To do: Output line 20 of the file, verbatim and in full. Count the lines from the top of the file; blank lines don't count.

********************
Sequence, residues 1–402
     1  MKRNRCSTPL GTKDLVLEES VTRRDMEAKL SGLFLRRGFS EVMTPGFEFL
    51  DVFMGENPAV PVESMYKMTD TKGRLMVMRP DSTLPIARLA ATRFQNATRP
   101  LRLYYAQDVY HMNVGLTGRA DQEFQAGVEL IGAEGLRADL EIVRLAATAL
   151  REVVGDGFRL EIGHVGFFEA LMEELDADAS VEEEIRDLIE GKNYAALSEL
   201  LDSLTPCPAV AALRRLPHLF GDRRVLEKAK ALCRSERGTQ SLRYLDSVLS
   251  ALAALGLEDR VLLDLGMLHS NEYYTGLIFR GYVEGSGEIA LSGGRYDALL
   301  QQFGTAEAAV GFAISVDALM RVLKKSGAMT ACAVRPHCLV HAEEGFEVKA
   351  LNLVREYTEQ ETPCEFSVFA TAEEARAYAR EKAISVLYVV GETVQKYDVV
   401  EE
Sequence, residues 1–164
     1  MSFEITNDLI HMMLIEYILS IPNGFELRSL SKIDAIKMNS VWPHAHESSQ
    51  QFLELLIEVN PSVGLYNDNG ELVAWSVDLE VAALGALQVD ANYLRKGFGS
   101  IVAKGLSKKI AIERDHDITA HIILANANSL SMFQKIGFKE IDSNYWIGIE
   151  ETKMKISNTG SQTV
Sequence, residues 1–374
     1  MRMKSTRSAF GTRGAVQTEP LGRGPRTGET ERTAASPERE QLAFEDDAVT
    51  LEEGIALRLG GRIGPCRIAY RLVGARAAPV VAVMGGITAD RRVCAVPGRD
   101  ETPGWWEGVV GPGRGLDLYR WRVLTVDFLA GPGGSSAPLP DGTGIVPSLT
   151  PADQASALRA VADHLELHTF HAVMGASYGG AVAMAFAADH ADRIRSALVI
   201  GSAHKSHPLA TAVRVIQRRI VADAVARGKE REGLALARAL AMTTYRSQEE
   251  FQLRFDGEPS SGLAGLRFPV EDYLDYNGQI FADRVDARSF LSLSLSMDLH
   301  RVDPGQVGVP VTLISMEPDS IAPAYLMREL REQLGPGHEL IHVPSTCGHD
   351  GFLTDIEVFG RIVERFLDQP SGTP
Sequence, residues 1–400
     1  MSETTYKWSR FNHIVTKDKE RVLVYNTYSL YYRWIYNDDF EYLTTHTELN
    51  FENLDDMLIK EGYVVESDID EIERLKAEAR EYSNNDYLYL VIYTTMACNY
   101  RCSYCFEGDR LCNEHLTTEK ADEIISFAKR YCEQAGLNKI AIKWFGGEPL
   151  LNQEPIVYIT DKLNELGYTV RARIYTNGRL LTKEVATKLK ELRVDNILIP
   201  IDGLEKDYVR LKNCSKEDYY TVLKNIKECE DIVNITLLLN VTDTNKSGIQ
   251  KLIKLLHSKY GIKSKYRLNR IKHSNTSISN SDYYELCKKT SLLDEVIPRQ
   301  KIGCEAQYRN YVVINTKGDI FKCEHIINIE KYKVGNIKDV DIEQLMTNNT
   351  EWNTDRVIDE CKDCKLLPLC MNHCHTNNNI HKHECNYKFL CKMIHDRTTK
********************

   151  PADQASALRA VADHLELHTF HAVMGASYGG AVAMAFAADH ADRIRSALVI